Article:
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Dividing Benefits for Civil Government Employees 

While civil government benefits are somewhat similar to military benefits in some ways, they are also unique and equally specialized. There are typically two types of civil government employee plans that may need to be divided through domestic/family court orders subsequent to legal separation or divorce: the Federal Employee Retirement System (FERS) and the Civil Service Retirement System (CSRS). Division of these retirement benefits must be processed and accepted through the federal agency that administers these benefits, which is called the United States Office of Personnel Management (OPM).  

The order that needs to be entered is a COAP (Court Order Acceptable for Processing). If any family law or domestic attorney discusses the need to negotiate or enter a “QDRO” (Qualified Domestic Relations Order) in reference to dividing a federal employee pension, you should be concerned that he or she is not familiar with the correct terminology- let alone the actual needed order- that is required to be prepared.  

What needs to be included in these division orders? 

You need an attorney with drafting experience and precision who can address the nuanced complexities of these government orders. The order needs to be accepted and approved by the appropriate retirement plan administrators. Some of the things that impact the value of the ultimate retirement share received include (but are not limited to) the length of the marriage, the calculation of the service period (and how the calculation is performed), the rank/position that the government employee is in, their classification and finally, whether survivor benefits protection is granted.  

Federal Employee’s Retirement System (FERS)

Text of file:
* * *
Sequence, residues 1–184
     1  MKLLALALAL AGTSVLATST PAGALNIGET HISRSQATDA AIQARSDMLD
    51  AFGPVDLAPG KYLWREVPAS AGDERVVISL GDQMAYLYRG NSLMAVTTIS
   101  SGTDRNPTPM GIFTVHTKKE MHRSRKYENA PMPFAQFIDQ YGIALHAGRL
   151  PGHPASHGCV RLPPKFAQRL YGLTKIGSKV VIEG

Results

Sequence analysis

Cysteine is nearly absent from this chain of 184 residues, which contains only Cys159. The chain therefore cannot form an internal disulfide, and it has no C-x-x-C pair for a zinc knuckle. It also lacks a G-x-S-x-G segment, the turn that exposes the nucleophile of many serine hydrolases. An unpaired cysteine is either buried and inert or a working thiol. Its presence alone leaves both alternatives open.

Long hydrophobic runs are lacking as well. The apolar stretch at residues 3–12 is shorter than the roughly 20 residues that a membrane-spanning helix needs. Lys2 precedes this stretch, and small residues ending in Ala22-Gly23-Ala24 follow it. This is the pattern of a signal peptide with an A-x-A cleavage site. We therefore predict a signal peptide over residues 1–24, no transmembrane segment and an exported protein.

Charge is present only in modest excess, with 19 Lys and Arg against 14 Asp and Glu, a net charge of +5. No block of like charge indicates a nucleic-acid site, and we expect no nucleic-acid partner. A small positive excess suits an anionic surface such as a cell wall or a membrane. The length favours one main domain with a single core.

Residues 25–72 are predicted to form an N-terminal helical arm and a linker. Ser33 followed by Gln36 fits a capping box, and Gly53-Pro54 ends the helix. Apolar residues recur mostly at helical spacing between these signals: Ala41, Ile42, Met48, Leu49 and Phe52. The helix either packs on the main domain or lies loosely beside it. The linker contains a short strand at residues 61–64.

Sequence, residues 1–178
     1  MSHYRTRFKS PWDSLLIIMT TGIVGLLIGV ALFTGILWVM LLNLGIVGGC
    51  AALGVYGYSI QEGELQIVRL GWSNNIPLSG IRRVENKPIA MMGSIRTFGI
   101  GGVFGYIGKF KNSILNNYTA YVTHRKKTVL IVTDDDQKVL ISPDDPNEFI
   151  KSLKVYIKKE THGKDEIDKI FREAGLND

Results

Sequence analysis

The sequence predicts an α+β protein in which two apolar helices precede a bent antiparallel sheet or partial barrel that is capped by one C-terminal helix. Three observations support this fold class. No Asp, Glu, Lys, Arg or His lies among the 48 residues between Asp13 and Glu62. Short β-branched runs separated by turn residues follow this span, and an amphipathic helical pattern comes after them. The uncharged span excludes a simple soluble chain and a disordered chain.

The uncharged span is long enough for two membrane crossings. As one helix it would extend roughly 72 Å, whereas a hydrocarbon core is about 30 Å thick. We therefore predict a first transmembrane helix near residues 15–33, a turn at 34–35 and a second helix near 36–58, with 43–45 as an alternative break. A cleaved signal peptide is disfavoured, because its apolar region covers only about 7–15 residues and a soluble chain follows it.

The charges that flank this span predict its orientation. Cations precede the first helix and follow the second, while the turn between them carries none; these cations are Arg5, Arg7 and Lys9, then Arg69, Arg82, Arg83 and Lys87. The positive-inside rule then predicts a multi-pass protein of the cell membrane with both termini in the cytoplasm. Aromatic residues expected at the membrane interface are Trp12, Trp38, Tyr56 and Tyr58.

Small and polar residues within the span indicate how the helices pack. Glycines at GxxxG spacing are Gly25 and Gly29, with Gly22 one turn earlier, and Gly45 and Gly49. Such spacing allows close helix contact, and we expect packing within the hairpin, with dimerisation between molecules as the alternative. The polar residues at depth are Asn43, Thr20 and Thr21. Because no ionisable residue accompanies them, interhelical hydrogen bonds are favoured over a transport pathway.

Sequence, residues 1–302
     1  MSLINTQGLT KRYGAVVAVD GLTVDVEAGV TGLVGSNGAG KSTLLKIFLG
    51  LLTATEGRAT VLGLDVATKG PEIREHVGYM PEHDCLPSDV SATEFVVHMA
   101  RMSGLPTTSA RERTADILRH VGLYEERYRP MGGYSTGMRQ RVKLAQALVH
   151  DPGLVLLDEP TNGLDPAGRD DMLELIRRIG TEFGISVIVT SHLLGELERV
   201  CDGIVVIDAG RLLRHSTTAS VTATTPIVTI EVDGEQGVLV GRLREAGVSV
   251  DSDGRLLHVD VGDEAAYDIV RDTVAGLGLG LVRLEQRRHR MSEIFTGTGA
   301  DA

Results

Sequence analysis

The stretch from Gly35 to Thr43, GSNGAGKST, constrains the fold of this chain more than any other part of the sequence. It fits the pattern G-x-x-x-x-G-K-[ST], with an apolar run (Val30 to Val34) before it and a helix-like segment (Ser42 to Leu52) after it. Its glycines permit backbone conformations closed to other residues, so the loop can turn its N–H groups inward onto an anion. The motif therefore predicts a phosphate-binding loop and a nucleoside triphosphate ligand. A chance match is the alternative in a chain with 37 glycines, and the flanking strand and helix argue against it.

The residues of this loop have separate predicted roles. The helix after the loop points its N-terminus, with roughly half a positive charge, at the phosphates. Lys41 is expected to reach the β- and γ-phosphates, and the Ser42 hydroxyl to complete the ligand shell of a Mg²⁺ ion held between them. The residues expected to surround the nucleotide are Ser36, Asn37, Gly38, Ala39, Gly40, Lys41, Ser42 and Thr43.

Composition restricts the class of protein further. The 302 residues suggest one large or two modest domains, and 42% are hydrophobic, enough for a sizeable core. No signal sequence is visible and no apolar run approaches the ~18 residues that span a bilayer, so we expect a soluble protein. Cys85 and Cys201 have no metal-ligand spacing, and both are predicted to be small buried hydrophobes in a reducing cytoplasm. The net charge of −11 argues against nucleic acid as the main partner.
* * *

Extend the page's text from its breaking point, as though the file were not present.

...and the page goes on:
On June 6, 1986, the FERS (Federal Employee Retirement System) was created by Congress as a successor plan to the previous Civil Service Retirement System (CSRS). FERS became effective January 1, 1987. All civilian federal employees are covered under FERS. FERS is a three-tiered retirement plan that provides social security benefits, the Defined Benefit Plan and the Thrift Savings Plan (TSP).  Federal employees covered under FERS are also subject to full social security taxes. One of the requirements of FERS is that federal employees pay and be responsible for their social security taxes every pay period.  

In addition to the social security benefit and the FERS benefit, the Thrift Savings Plan is available to federal workers. Employees can make contributions up to the maximum amount established by the IRS each year.  Contributions to the TSP can be tax-deferred or ROTH in nature (i.e. the employee pays the taxes but then can withdraw the funds tax-free). The employee’s respective agency will contribute one percent of basic pay earned for the specific pay period and the will also match a portion of what the employee contributed, up to the government maximum of 5%.  

What is the FERS defined benefit? 

It allows federal workers to be paid a monthly benefit based upon the number of years they worked under FERS, their income and the age they retired. It is a monthly annuity plan. The majority of Federal workers contribute 0.8 percent of their basic pay each pay period toward their FERS retirement.  Federal workers can receive their FERS benefits through immediate retirement and early retirement options.  

Whether you are dividing private-sector employer retirement plans, military pensions, civil service pensions, 401k’s, IRA’s, city or state employee pensions, railroad retirement pension, profit sharing plans, getting a specialist in place who can help you understand the options available to you (whether as an employee trying to protect your retirement asset) or as a spouse (trying to ensure that your interests in the plan are protected), Pingel Family Law can help and assist you in making sure the necessary orders dividing these interests are fairly and accurately prepared. For many government employees, their retirement plans are their most valuable asset and therefore, ensuring accurate and adequate protection through the careful and skilled drafting of the division orders is a necessary component of wrapping up your divorce or other family law process.


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